I've Started Keeping An Asshole Jar To Keep Me From Repeating My Love Mistakes

The asshole jar is a reminder of what I’ve wrongly settled for in the past, and what I won’t stand for in the future.

Apr 2, 2014 at 6:00pm | Leave a comment

I love obvious assholes. Those generous men and women who very kindly show the world upfront that they are jerks. They’re pretty easy to spot and swiftly run away from (unless you are related to them, which sucks, but at least you can limit your time with them to holidays and funerals). It’s the clandestine assholes you have to watch out for. I’ve dated more than a few. I’m drawn to them, or I was, out of intrigue, guilt, and taking comfort in what you know. 
 
They always have a spark of something. A sad, barely lit match of a man that I mistake for a powerful fire. It’s not just my brain hardwired to trick me into thinking they’re harboring a love that I just have to work really, really hard to gain access to -- it’s them, too. The way they give not much, but enough to rouse romantic hope, and the way they show just enough vulnerability, and at just the right moment, to make me feel that maybe my softness will soften them. But it won’t. You can’t warm a cold heart, no matter how hard you try. 
 
Underdogs are great in movies and sports teams and sometimes in life. I’ve been the underdog in my own life for so long, I relate more to Rocky Balboa than a non-boxer should. Underdogs are not so great when you find out they’re still married, conflicted and refuse to introduce you to their friends. Underdogs in love are to be avoided. You shouldn’t have to root for someone to love you. I want only the high achievers in this area, please. 
 
I’m not trying to pigeonhole men. I used to have the same problem with female friends -- allowing myself to be mistreated because I didn’t realize, for the longest time, that I had a choice. It was an Oprah “ah ha!” moment when it dawned on me that I didn’t have to stay friends with people I went to junior high school with just because they know my middle name and were there that time I drank too many purple coolers and vomited violently, and violet, all over the side of my friend’s white house.  
 
It’s taken me considerably longer to come to the point where I recognize my ability to choose in romantic relationships.
 
My life has become an ongoing project of choosing happiness, and trying not to inflict pain and sadness on myself. I’ve had a lot of both, and they are unavoidable in life, but when you keep repeating the same doomed love story, swapping out one troubled leading man for another, sadness becomes comforting and addictive. It’s a sick cycle I’ve struggled to break.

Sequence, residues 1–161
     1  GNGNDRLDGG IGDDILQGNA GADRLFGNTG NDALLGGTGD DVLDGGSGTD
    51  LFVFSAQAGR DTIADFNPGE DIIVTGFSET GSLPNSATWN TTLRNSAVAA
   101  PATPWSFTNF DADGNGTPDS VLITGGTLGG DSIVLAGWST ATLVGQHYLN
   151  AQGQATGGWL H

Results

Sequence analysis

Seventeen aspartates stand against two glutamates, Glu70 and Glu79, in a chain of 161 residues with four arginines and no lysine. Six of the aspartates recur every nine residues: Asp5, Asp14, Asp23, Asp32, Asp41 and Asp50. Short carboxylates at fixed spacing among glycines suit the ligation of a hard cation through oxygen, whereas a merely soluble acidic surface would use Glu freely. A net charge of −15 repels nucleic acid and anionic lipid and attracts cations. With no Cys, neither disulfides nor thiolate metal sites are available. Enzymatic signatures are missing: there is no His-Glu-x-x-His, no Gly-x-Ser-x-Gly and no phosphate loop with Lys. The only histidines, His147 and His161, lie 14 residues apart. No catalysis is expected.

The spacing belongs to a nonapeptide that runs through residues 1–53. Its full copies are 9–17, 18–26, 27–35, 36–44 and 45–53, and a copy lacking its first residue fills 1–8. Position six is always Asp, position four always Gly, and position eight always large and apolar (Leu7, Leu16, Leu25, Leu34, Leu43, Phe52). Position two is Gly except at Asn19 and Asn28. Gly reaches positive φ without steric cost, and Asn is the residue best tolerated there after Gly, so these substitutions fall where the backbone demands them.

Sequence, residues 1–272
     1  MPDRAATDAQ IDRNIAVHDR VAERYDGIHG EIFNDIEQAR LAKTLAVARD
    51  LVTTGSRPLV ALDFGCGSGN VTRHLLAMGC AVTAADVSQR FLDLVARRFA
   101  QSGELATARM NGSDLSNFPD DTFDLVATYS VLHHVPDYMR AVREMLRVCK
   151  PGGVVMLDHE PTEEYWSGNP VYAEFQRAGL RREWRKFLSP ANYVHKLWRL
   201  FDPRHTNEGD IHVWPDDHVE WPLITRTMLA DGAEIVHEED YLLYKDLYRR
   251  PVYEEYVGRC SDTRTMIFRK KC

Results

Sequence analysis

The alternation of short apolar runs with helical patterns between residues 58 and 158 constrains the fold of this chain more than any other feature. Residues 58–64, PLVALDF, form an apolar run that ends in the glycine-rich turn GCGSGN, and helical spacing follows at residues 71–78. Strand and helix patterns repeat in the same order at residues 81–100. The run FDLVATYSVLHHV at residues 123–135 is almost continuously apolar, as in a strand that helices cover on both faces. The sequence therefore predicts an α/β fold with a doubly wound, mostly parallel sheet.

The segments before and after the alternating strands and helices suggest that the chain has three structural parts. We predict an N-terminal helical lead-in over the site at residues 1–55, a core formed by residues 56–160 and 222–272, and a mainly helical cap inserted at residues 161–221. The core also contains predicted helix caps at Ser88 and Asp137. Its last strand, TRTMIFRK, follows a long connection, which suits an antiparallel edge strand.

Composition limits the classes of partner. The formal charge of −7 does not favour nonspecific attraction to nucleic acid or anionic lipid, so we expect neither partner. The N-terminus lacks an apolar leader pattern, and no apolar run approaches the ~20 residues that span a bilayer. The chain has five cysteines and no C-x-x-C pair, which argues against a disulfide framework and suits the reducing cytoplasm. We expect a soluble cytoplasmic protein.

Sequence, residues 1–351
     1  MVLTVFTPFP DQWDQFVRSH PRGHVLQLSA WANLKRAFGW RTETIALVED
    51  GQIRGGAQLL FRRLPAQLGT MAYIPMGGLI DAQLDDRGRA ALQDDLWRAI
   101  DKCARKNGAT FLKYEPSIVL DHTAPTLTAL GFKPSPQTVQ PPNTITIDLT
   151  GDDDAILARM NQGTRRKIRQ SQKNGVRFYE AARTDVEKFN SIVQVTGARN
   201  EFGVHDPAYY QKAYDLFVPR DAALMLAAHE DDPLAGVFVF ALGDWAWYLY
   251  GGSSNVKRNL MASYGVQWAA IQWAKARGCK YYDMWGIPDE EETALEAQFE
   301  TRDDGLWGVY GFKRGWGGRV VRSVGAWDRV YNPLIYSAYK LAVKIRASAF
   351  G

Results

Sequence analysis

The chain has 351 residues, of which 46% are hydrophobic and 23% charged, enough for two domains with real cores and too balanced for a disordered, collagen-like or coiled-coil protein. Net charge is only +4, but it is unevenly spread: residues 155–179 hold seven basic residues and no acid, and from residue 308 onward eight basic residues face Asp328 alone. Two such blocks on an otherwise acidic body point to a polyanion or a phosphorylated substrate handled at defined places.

For these reasons, and more, I’ve started using “The Asshole Jar.”
 
image
 
In it, I stash the written, unpleasant attributes of people I don't want to interact with, let alone date. Hindsight is 20/20, as they say, and as a mostly intelligent person, I can identify the traits I don’t like in men I’ve dated. Also, those obvious assholes you encounter in day-to-day life serve as great reminders. 
 
While out in the world, if I encounter a rude person, a mean comment, or notice something off-putting about someone (Ed Hardy car decals, mistreating customer service reps, having misspelled tattoos), I write it down and put it in the jar.
 
The other day, I was at the grocery story and forgot what I wanted from the wall of greens, so I stood there for a second, collecting my thoughts, when this women, wide eyed and fuming, rounded the corner and nearly took me out while rolling her eyes dramatically and shaking her head at me like “What an idiot you are.” It was like I ruined her perfect day because I paused briefly to look at asparagus. When I got home, I wrote down, “passive aggressive freak outs” and “mean to strangers” on little ripped pieces of paper and threw them in The Asshole Jar. 
 
I can be overly sensitive, just like Emily, and when you are this way, you tend to carry other people’s negative loads on your shoulders, without them wanting or asking you to. Writing down what a person who hurt my feelings did, and stashing it in the jar, is a way to stop thinking about it and let it go. 
 
image

You know that “Let It Go” scene in Frozen? Totally did it first.

 
Similarly, if I go on a date with someone who uses an offensive word, I will write that down, put it in my jar, and never speak to that man again. This practice is giving me a weird strength in my own better judgment. Where I might have made excuses out of attraction or intrigue in the past, I now identify these unchangeable, unwanted traits as the deal-breakers they ought to be. 
 
I add to The Asshole Jar a few times a week and empty to reflect on once a week. My hope is that having reminders of what I don’t want will help me to walk away from bad seeds with confidence if and when the time comes. It might seem simple, but it is an ongoing revelation for me that I can choose who I want to be with, and not feel guilt-bonded by some invisible, constraining love glue to an unstable, unintelligent, or unworthy man. 
 
Some women do those, “all the traits I want in a man” lists, but all I could ever come up with for those was: "nice, funny, not a troll." The asshole jar is a reminder of what I’ve wrongly settled for in the past, and what I won’t stand for in the future.